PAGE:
Weather pushes up wheat prices
Wow! What a difference a week makes! Last week the wheat market was putting in new lows for the move, well below the major support levels. This week, the market got spooked by the increasing stress to Russia’s winter wheat crop and hot, dry conditions across the US central plains as the wheat crop enters its final stages.
For the week, Chicago wheat was up $1.02; a 17% gain – the largest in 16 years. Kansas City was up $1.04, also a 17% increase while Minneapolis was just along for the ride - up $.51, or 7%.
The market’s perception about the wheat market has almost reversed itself literally in just a matter of a few days, going from very bearish to suddenly bullish. However, the process leading up to that shift has been evolving ever since last fall.
For starters, the dry pocket of southern Russia never did recover from the drought of 2010, and those dry conditions created more planting issues last fall. We also watched Ukraine struggle with drought during their planting season – before it was even over they projected that their wheat production would be down 40% from the previous year.
In late January/early February, we witnessed a massive cold snap that engulfed Eastern Europe and then progressed to the west, killing hundreds of people and thousands of hectares of wheat, barley and rapeseed. Even this week, well into the growing season, we’re still getting reports of more winterkill damage in Europe. On top of all that, much of Western Europe experienced three frosts/freezes this week alone, which were feared to do additional damage. To date, Europe is projected to produce 5% less soft wheat than last year, but that number could easily grow.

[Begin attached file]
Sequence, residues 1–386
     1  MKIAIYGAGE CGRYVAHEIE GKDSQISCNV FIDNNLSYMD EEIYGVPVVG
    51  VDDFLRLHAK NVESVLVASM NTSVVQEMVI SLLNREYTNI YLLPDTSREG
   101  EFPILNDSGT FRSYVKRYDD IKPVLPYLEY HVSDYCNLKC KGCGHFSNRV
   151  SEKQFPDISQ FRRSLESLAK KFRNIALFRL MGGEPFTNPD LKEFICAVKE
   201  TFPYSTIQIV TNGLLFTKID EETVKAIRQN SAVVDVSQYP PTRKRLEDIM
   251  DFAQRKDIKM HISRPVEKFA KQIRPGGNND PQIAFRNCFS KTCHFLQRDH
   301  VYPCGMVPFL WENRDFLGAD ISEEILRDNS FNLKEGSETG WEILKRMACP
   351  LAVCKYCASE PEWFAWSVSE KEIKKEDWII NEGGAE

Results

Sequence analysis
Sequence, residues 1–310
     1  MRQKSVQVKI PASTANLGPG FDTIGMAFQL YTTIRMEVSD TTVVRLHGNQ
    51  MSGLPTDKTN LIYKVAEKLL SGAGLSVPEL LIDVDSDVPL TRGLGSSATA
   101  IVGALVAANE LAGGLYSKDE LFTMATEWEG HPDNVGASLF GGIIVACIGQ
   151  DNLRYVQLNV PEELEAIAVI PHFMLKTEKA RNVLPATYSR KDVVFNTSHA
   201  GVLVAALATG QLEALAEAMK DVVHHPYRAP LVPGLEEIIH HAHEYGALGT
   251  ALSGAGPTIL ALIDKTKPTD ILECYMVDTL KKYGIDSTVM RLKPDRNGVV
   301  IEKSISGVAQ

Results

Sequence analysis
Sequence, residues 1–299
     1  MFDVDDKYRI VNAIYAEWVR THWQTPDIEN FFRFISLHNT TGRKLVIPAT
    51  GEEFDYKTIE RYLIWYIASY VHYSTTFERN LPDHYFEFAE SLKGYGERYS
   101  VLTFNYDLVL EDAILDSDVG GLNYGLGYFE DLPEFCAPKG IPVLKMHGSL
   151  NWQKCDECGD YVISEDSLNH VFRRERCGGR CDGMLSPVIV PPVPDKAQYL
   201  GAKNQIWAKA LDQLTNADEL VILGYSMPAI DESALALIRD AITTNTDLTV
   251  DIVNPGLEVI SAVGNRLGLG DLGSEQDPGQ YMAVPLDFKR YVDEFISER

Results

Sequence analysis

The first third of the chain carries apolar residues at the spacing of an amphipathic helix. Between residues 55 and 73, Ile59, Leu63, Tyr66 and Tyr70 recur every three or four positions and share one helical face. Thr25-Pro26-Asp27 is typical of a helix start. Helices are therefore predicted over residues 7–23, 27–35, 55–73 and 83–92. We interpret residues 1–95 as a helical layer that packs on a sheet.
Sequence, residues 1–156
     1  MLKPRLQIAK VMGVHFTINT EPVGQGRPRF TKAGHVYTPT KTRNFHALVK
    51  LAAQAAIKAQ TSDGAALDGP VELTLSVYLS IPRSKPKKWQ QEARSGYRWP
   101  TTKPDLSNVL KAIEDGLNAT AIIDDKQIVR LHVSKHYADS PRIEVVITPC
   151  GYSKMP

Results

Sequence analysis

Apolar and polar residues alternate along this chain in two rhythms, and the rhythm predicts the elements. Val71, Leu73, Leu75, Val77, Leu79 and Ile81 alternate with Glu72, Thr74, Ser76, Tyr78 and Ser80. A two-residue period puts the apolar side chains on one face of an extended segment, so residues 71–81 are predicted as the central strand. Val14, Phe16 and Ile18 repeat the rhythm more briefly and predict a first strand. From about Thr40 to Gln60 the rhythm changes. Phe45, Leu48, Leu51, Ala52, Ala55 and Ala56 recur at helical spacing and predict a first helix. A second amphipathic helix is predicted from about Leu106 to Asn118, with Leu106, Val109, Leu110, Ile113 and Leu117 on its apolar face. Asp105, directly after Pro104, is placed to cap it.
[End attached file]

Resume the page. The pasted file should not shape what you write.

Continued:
This spring, the area from eastern Ukraine through southern Russia into western Kazakhstan has yet to see meaningful moisture and temperatures are well above normal. Forecasts for the hot and dry sukhovei winds to come only add to the problem. This week, SovEcon projected that Russian grain exports would be down 28% from last year.
In the US, a mild winter and abundant spring rains led to projections of a bin buster wheat crop in the southern and central plains. However, heat, dryness and winds are sapping the life out of the crop just as it tries to fill.